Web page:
HOTEL owners in mountain resorts voiced disappointment over their occupancy rates and urged the state to seriously consider their problems to prevent the demise of the sector.
The chairman of the district committee, Andres Mandalas, said their occupancy at the moment was around 60 per cent, as he stressed the importance of the “mountain resorts remaining alive because if they close, the heart of Cyprus will go.”
He said the government was under an obligation to consider the serious problems they faced and help them upgrade and attract more visitors.
The mountain villages of Kakopetria, Platres, Agros, Pedoulas and Kalopanayiotis share 18 hotels between them.
“We, in the mountains, are the poor relatives,” Mandalas said. “Unfortunately, we are not even included in tourist packages.”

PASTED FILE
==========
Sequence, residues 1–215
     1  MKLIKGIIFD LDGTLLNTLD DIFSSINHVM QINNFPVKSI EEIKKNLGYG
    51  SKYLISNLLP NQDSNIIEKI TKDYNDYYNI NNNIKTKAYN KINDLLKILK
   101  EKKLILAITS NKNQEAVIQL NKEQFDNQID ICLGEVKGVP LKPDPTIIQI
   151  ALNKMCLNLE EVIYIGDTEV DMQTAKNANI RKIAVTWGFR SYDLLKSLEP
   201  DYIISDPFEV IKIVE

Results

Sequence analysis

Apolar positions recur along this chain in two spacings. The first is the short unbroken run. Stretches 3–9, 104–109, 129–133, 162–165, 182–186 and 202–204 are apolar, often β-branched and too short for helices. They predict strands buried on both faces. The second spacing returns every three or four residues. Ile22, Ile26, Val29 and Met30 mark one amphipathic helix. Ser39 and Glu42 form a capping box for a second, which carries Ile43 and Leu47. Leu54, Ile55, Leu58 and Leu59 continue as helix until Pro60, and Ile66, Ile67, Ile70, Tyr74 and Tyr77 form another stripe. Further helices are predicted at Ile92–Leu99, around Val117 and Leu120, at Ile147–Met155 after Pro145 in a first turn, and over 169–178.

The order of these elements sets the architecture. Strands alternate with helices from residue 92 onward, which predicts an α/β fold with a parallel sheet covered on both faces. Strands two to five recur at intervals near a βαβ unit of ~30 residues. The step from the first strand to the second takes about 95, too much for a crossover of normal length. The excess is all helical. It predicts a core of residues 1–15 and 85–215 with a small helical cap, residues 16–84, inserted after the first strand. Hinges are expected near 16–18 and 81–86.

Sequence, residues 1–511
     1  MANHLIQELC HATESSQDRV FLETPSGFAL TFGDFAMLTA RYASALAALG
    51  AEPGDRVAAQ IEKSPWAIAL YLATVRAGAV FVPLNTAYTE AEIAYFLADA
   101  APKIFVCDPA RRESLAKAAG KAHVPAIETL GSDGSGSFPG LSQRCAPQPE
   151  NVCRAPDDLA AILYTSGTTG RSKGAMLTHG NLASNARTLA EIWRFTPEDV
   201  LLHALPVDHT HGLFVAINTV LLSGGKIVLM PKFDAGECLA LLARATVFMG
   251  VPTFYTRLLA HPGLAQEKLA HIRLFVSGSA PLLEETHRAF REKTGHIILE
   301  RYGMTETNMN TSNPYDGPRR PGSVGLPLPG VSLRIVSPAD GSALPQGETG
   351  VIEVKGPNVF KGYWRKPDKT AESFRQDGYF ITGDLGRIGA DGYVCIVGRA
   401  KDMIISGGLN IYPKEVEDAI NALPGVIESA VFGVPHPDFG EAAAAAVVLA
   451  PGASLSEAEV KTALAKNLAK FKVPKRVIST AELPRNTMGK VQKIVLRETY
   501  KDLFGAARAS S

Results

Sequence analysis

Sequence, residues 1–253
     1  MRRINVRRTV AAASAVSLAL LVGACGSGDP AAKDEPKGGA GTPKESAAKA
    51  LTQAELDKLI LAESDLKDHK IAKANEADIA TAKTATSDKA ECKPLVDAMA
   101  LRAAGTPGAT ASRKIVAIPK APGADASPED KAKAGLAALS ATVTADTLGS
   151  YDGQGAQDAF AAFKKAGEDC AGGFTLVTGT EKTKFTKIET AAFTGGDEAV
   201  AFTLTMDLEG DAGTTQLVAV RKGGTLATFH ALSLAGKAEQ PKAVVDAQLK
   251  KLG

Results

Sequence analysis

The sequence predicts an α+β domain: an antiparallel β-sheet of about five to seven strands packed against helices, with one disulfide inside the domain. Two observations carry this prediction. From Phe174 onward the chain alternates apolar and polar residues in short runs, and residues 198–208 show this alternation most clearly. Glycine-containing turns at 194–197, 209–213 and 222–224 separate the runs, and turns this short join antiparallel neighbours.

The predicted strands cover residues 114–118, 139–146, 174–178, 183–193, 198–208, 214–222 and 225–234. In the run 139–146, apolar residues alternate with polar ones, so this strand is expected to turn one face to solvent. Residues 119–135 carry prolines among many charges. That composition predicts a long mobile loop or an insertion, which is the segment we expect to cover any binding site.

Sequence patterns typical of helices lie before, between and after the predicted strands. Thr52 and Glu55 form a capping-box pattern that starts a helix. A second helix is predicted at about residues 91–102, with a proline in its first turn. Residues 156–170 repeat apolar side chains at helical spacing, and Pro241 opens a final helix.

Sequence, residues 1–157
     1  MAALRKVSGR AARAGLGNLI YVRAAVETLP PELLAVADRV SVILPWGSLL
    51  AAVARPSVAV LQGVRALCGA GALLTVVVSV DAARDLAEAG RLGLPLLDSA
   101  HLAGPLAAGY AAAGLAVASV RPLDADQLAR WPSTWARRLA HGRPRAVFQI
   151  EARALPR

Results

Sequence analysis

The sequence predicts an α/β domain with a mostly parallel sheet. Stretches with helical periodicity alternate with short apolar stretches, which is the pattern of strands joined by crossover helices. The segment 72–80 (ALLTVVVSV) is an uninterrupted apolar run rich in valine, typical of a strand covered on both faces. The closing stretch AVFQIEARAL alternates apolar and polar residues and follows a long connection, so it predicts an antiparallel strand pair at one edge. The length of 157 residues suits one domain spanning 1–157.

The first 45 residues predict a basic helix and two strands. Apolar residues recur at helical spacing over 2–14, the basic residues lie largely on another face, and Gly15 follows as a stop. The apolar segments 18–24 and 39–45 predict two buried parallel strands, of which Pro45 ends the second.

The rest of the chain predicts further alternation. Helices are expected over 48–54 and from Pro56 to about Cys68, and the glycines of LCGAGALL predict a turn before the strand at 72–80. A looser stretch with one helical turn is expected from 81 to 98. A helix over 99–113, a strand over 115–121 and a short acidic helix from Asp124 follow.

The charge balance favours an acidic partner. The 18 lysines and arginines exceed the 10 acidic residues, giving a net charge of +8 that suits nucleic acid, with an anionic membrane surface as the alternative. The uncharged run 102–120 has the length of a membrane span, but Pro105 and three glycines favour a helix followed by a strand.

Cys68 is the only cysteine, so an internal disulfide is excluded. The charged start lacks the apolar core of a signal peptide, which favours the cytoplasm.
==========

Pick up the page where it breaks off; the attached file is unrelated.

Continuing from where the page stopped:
He said tourists were directed to the coastal areas, while the mountains were left outside.
“It must be imprinted in people’s minds that apart from the sea, there are also the mountains in Cyprus,” he said.
Cypriots too seem to shun the mountain villages, opting for brief one or two-day trips, mainly to visit monasteries.
Mandalas said the hoteliers want a team of technocrats from various ministries to talk to local authorities and other organisations who have things to say about the matter.
He added that there was a need for parking lots, public swimming pools, and subsidies to hoteliers to upgrade their establishments.
Mini casinos in Platres and Kakopertria would also attract a new type of clientele, he said.
The road network, mainly linking Nicosia and Limassol to Troodos, also needed a makeover, while a teleferic from Kakopetria to Troodos would bestow glamour to the area.